A Minnesota pawn shop owner claims to have found long-lost photos taken during the Nanjing massacre.
In a video posted to TikTok with more than 9.5 million views, Evan Kail says a customer sent him an old album of photos from World War II with the intention of selling it. When he opened the album and inspected the contents, he found disturbing photos labeled as if they had been taken during the December 1937 massacre, which lasted six weeks and in which at least 200,000 Chinese civilians were killed by the Imperial Japanese Army.
At first glance, the photos seem nothing special.
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“The soldier is stationed in Southeast Asia, probably around 1937-1938, and it’s off to a good start,” Kail says. “But the photos are starting to get more war-related here.”
He proceeds to turn the page to what are believed to be the images of the… Massacre in Nanjing – also known as the Nanking Massacre or the rape of Nanking – but stops and says, “I can’t show you what’s behind this page.”
“When I got that book Monday, and I opened it and I got past that page, I screamed,” Kail says. “Somehow that man who took those photos was present at the Nanking rape. He took about 30 photos that history has no record of and that are worse than anything I’ve seen in color on the internet – those photos are in black and white.”
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“I studied Japanese studies and we reported on the Nanking rape, and I remember my professors telling me that photographic evidence was largely destroyed by the Japanese,” he continues. “There are very, very few photos out there. This guy was taking photos of things I’ve read about in books that I didn’t even know anyone had ever documented before.”
However, questions about the validity of the photos currently remain unanswered. For example, the photo album lists the ship the owner sailed on as the USS Augusta. According to Naval History and Heritage Command, the Augusta… not in nanking at the time of the massacre, which began on December 13, 1937. Although the ship had previously been in Nanking several times, it was in Shanghai, nearly 300 km away, on December 12, when it took in the survivors of a gunboat and three oil tankers, one of which was the ships were sunk by Japanese naval aircraft north of Nanking.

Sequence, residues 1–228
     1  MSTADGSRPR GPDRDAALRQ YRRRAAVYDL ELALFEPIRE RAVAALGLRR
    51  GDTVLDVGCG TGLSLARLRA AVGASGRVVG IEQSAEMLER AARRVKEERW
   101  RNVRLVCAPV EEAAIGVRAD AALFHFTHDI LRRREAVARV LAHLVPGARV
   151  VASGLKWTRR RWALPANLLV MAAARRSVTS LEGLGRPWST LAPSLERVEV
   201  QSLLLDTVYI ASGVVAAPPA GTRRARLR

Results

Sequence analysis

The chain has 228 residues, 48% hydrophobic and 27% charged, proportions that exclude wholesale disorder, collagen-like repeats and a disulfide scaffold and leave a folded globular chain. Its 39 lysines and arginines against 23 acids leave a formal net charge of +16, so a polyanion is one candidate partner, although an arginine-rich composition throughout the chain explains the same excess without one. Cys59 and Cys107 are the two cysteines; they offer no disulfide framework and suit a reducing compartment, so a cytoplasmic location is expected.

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Image via @pawn.man
Furthermore, Khail shared some of the photos on Twitter, most of which are extremely graphic. They depict beheadings, corpses with their hands tied behind their backs, and one of a man tied to a stake and tortured to death with knives marked ‘Death of a thousand cuts’.
Twitter users were quick to point out that some of the shared images have been posted online in the past with contexts that contradict the captions in the album. Similar images of the man who was tortured to death have been taken before published onlinee and described as depicting the execution of a man named Fu Zhuli. The image of a man being beheaded in public is available as a Stock photo and listed as “Public Execution of a Communist on the Streets of Nanking 1927.”
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Kail ends his video with a plea to his viewers to “blow up this video so the right channels can see I have it and contact me” in the hopes that the content will be preserved and studied further.
Featured image via TikTok